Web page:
The Natchez District was one of two areas, the other being the Tombigbee District, that were the first to be colonized by British subjects from the Thirteen Colonies and elsewhere in what was West Florida and would later become the Mississippi Territory. The district was recognized to be the area east of the Mississippi River from Bayou Sara in the South (presently St. Francisville, Louisiana) and Bayou Pierre in the North (presently Port Gibson, Mississippi). Today, this area corresponds roughly with and includes most of the lands south of Interstate 20 and west of Interstate 55 in the State of Mississippi in the southwest corner of the state.
The Natchez District was the first plantation area in Mississippi and also the richest area in the Deep South before the Civil War. One plantation owner by the name of Stephen Duncan was reported to have owned over 1,000 slaves, making him the wealthiest cotton plantation owner in the world then.
The area had been known to the Europeans for many years. The French explorer, Pierre Le Moyne d'Iberville, had passed through the area in 1699 and had christened both the Amite River and the Tangipahoa River. In the early 18th century, French colonists began to introduce African slaves and the plantation system to the area. The first important plantation crop was tobacco.
In 1774 Britain extended the borders of its new colony of West Florida from the 31st parallel north to 32° 22′ north, in part to give colonists access to the fertile Natchez District and the Tombigbee District. By 1776, there was a sizable colony of English-speaking planters there. By a treaty with Spain after the Revolutionary War, the Natchez District became a part of the United States. The area was of great strategic value to the US then because it was the most extreme western and southern limits of the territory claimed by the United States in 1798. In April 1798, the United States created the Mississippi Territory with Natchez as its first capital.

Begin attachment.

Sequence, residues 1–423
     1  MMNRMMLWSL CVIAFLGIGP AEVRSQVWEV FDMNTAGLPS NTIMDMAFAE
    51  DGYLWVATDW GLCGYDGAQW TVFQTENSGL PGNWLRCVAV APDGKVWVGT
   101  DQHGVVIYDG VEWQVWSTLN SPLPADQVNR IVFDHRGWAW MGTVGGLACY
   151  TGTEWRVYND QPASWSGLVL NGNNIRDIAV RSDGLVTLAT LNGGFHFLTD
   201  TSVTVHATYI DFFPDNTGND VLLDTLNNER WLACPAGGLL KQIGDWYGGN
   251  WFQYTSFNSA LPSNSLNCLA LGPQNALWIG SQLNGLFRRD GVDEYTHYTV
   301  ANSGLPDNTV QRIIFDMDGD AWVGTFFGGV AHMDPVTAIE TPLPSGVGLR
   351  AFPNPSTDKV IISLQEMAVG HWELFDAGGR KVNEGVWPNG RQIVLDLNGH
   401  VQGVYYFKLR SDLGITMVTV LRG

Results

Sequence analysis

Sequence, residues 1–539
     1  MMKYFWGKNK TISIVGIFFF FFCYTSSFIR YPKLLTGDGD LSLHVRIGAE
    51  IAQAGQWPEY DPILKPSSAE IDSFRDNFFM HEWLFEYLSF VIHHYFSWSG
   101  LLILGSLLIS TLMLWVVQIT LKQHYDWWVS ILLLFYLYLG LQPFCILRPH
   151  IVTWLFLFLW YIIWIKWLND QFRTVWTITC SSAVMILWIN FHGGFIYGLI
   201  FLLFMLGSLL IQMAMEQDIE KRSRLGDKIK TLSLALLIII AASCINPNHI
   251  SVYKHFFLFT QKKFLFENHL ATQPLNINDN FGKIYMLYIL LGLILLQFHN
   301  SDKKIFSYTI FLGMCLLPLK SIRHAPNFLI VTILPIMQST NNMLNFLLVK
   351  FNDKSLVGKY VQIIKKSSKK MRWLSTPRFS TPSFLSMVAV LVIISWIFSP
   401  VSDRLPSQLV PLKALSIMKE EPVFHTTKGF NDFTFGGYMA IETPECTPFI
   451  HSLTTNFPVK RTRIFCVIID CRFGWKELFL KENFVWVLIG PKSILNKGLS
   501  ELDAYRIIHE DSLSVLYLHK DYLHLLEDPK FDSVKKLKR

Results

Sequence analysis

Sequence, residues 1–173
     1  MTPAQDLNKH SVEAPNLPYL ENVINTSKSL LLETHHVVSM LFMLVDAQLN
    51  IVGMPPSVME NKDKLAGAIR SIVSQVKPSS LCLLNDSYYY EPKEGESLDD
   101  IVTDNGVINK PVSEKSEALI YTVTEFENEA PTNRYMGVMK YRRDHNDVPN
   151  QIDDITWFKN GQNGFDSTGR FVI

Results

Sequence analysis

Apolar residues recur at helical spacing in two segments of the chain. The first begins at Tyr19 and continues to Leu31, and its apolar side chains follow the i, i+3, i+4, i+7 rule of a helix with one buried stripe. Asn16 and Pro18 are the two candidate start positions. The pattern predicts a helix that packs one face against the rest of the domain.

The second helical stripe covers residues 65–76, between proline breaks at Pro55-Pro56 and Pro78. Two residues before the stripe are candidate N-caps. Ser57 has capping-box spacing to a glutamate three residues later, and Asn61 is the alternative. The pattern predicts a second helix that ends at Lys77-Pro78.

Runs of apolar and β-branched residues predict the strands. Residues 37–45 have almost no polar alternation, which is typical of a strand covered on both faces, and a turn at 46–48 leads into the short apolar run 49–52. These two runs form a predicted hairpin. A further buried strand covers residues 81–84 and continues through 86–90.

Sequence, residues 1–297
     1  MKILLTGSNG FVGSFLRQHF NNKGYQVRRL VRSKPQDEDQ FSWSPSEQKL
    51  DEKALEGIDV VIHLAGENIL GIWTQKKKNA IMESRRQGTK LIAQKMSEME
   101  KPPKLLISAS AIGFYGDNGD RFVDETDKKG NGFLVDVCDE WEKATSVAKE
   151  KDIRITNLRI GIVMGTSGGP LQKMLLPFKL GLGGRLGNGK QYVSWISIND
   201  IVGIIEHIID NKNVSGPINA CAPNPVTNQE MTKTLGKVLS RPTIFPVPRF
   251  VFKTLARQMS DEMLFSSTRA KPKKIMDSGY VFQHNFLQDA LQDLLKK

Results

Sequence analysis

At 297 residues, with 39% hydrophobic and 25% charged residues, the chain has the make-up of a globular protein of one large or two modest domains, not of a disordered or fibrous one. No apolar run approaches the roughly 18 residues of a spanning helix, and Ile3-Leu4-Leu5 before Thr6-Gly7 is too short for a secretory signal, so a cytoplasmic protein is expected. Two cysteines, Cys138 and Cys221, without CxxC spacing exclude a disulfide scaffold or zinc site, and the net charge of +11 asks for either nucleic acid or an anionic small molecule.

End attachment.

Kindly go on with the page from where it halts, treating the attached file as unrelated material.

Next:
It wasn't until the 1790s, after Whitney’s cotton gin was perfected, that planters in the Natchez District became very wealthy. Between 1785 and 1800 all the tobacco plantations in the district were converted to cotton. The rich loess soils proved very fertile for cotton cultivation. The planters developed new, more productive strains of cotton, improved cotton gins, and a large scale system using large numbers of slaves and machinery. Many cotton planters became so wealthy that they were able to acquire thousands of acres worked by hundreds of African slaves, on which they built elegant mansions in and around the town of Natchez, and hired overseers to live at and manage their plantations in the countryside.
In 1806, an improved Mexican variety of cotton made it even more profitable. The Mexican variety was crossed with the older black seeded species to make improved varieties that made the State of Mississippi famous. The most famous varieties of all, Belle Creole, Jethro, Parker and Petit Gulf, were bred in Mississippi.
The cotton boom of the early 19th century spread across the Old South from two primary cultural hearths—coastal South Carolina and the Natchez District. From Natchez, the cotton plantation system spread north into the Mississippi embayment region, and west along the rivers of Louisiana, Arkansas, and Texas.
Before 1810, Natchez was the only town in the region that was not under foreign control. Because of its strategic importance and its rapid growth as a cotton port, the US government built or improved roads leading to Natchez. The US Army widened the Natchez Trace into a wagon road and placed it under the care of the Post Master General of the United States, making it one of the earliest federal interstate highways.
- Moore, John Hebron (1988). The emergence of the Cotton Kingdom in the Old Southwest: Mississippi, 1770-1860. LSU Press. pp. 4–13, 117, 286–287. ISBN 978-0-8071-1404-9. Retrieved 23 March 2011.
- Meinig, D.W. (1993). The Shaping of America: A Geographical Perspective on 500 Years of History, Volume 2: Continental America, 1800-1867. Yale University Press. pp. 286–288. ISBN 0-300-05658-3.